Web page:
Teacher firings are such a good story. Even seasoned reporters can't resist the lure of quotes from panicked public officials lamenting their absolute necessity of sacking their states' beloved kindergarten teachers. For instance, yesterday's New York Times story (which ran in today's print edition) on the coming teacherpocalypse offered this catastrophic-sounding line:
The 2010-11 school term is shaping up as one of the most austere in the last half century. In addition to teacher layoffs, districts are planning to close schools, cut programs, enlarge classes and shorten the school day, week or year to save money.
A quick read might leave the impression that state education budgets have been reduced to levels rarely seen in the post-war era. Are things really that bad, Secretary of Education Arne Duncan?
Duncan estimated that state budget cuts imperiled 100,000 to 300,000 public school jobs. In an interview on Monday, he said the nation was flirting with "education catastrophe," and urged Congress to approve additional stimulus funds to save school jobs.
"We absolutely see this as an emergency," Mr. Duncan said.
It is a budget emergency now, but not strictly because of schools have been "hit hard by the recession" as the Times suggests. It's mostly because states spent an ungodly amount of money during the '00s. It's money they don't have anymore, and you can't blame them for missing it. But catastrophe is relative here.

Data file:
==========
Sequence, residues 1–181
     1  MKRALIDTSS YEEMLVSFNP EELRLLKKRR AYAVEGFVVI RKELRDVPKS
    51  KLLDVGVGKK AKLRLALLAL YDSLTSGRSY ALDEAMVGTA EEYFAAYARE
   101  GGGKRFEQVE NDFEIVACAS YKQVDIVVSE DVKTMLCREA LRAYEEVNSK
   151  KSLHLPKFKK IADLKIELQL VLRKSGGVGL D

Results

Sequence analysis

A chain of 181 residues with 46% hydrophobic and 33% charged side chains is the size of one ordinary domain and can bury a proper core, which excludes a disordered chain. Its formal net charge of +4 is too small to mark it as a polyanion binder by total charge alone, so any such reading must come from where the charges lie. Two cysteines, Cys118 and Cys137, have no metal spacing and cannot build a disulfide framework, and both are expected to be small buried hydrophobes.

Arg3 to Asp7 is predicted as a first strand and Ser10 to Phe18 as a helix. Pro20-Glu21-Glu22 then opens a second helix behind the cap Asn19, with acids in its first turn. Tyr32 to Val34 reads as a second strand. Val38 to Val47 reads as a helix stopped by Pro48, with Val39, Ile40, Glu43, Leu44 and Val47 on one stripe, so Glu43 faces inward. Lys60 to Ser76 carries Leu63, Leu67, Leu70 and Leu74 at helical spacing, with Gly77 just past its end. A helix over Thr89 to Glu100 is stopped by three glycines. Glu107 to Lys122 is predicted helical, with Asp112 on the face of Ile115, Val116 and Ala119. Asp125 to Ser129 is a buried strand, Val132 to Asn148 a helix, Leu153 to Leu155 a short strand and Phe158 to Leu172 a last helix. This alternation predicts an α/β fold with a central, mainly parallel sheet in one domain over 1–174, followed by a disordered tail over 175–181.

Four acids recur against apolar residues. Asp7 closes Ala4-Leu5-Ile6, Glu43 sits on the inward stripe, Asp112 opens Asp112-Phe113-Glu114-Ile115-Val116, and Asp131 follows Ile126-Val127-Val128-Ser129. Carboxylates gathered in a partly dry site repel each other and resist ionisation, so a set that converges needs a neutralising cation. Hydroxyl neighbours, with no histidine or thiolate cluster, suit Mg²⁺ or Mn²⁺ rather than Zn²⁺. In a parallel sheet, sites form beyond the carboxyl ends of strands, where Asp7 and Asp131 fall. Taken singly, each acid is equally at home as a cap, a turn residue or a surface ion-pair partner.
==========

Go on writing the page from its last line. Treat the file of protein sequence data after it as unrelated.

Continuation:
In the five years between 2002 and 2007, states spent just over $300 billion more than necessary to maintain operations at 2002 levels, accounting for inflation and population growth. Keeping the (not exactly slimline) engines of state governments running would have increased the 2002 spending figure—then just over $1 trillion—by 19 percent. But states actually spend half again as much, with 2007 showing a spending increase of 28 percent over 2002. With that money, the states bought more of everything—more programs, more offices, and yes, more jobs.
Increases in state spending on education were extravagant, even by the standards of those already extravagant years. Education spending increased 32 percent, with states spending $126 billion more in 2007 than they did in 2002.
The stimulus dumped $144 billion into state and local budget gaps, and now that cash is gone. Sen. Tom Harkin (D-Iowa) is proposing with a plan to spend $23 billion to preserve teaching positions. But the feds can dump money all they want into state budget gaps—the gaps won't go away anytime soon unless cuts are made. Cutting education spending back to provide, say, 2002 levels of service is hardly a return to an era of privation and hardship. And there's room for an awful lot of cutting before we get anywhere close to the word austere:
aus·tere—morally strict : ascetic, markedly simple or unadorned
As the Times story notes:
Everywhere, school officials tend to overestimate the potential for layoffs at this time of year, to ensure that every employee they might have to dismiss receives the required notifications.
True, but they also overestimate figures for layoffs because bigger numbers make a better, scarier story.
(All facts and figures are courtesy of Adam B. Summers, my colleague at the Reason Foundation, who makes many of these points in Reason's May 2009 cover story, "Failed States.")